Marilyn French, author of My Summer with George, The Women's Room, and Her Mother's Daughter, learns at the beginning of this memoir that she has esophageal cancer. (A smoker for 46 years, she had ignored friends and doctors who implored her to quit.) She is told that one survives metastasized esophageal cancer. A Season in Hell is French's personal story of her journey through the nightmares of aggressive cancer treatment, seizures, a two-week coma, kindhearted nurses, and uncompassionate doctors. One told her not to get her hopes up when her tumor disappeared, and a neurologist said (prophetically?), "Doctors hate writers; they always say horrible things about us." It is also French's story of triumph--because she succeeds in conquering the cancer, though she emerges from the struggle far from well, with "just about every system in my body [damaged] by chemotherapy or radiation." Readers share the worst and the best with French, and by the end of the book get to know this woman, feel a part of her humanity, respect her courage, and cherish her circle of close friends (including Gloria Steinem) and relatives who gave her so much when she needed it most. --Joan Price
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A treasure trove of new poems by one of our most sought-after poets: poems that range from descriptions of the Detroit of her childhood to her current life on Cape Cod, from deep appreciations of the natural world to elegies for lost friends and relationships, from a vision of her Jewish heritage to a hard-hitting take on today’s political ironies.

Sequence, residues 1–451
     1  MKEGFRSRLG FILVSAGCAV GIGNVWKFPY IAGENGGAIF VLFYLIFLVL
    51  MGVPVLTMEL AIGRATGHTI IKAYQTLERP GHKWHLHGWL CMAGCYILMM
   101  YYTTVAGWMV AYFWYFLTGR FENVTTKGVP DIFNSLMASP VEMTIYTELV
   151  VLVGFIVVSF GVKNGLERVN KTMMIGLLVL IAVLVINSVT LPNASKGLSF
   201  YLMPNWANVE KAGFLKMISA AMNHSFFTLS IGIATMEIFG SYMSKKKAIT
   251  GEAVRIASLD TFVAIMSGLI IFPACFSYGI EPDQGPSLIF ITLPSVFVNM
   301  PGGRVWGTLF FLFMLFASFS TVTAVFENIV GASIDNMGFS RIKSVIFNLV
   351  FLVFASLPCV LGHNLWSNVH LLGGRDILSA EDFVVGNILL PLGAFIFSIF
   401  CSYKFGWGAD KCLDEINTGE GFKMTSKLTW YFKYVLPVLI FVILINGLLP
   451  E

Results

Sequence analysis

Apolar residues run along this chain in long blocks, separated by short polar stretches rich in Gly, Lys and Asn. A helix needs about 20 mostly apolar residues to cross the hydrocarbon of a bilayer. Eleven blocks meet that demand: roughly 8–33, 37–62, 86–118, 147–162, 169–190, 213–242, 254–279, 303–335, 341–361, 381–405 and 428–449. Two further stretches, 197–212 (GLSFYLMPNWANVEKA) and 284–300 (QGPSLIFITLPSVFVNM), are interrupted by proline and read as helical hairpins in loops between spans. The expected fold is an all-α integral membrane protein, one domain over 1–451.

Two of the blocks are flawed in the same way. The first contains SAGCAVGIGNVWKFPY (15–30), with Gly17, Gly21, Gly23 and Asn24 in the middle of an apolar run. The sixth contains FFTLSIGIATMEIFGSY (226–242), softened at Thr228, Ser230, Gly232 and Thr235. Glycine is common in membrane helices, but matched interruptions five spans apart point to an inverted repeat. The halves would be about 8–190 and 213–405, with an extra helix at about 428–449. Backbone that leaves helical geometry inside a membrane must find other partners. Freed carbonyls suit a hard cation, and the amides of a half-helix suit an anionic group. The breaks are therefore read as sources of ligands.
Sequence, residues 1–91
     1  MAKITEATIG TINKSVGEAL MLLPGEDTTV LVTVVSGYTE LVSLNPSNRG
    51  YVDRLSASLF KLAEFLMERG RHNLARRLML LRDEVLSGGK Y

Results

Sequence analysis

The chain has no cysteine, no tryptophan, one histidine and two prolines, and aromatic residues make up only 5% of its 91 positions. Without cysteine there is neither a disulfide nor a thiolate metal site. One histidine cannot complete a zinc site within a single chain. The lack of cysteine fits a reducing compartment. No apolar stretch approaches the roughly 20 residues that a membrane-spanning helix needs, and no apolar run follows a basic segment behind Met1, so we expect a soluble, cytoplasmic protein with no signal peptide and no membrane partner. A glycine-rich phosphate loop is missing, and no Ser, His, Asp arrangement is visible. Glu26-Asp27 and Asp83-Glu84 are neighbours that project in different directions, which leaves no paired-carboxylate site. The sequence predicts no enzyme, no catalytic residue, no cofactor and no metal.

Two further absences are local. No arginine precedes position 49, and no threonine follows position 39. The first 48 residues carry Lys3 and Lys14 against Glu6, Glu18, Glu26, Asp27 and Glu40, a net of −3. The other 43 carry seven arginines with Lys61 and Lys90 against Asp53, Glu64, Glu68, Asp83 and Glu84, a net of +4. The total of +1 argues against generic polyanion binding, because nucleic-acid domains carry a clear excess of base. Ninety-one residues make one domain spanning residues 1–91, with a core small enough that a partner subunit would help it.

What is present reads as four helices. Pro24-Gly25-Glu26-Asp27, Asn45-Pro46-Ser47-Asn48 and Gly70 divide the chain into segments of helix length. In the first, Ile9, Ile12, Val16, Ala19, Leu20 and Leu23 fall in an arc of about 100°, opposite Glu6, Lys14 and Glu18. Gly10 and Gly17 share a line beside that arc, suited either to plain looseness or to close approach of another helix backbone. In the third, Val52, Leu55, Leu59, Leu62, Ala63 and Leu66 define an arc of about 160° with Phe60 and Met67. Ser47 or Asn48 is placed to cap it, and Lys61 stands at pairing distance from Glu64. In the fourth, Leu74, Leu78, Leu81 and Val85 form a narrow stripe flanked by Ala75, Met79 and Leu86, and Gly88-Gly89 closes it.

In her trademark style, combining the sublime with the gritty, Marge Piercy describes the night she was born: “the sky burned red / over Detroit and sirens sharpened their knives. / The elms made tents of solace over grimy / streets and alley cats purred me to sleep.” She writes in graphic, unflinching language about the poor, banished now by politicians because they are no longer “real people like corporations.” There are elegies for her peer group of poets, gone now, whose work she cherishes but from whom she cannot help but want more. There are laments for the suicide of dolphins and for her beloved cats, as she remembers “exactly how I loved each.” She continues to celebrate Jewish holidays in compellingly original ways and sings praises of her marriage and the small pleasures of daily life.
This is a stunning collection that will please those who already know Marge Piercy’s work and offer a splendid introduction to it for those who don’t.
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Ten characters, from occupied France to the Pacific Theater and from the frontlines to the home front, are profoundly changed by the events of World War II in this New York Times bestseller
Epic in scope, Marge Piercy’s sweeping novel encompasses the wide range of people and places marked by the Second World War. Each of her ten narrators has a unique and compelling story that powerfully depicts his or her personality, desires, and fears. Special attention is given to the women of the war effort, like Bernice, who rebels against her domineering father to become a fighter pilot, and Naomi, a Parisian Jew sent to live with relatives in Detroit, whose twin sister, Jacqueline—still in France—joins the resistance against Nazi rule.
The horrors of the concentration camps; the heroism of soldiers on the beaches of Okinawa, the skies above London, and the seas of the Mediterranean; the brilliance of code breakers; and the resilience of families waiting for the return of sons, brothers, and fathers are all conveyed through powerful, poignant prose that resonates beyond the page. Gone to Soldiers is a testament to the ordinary people, with their flaws and inner strife, who rose to defend liberty during the most extraordinary times.
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This new gathering of Marge Piercy’s poems—energetic, funny, political, full of vitality—brings us the heart of her mature work, the first selected since Circles on the Water in 1982.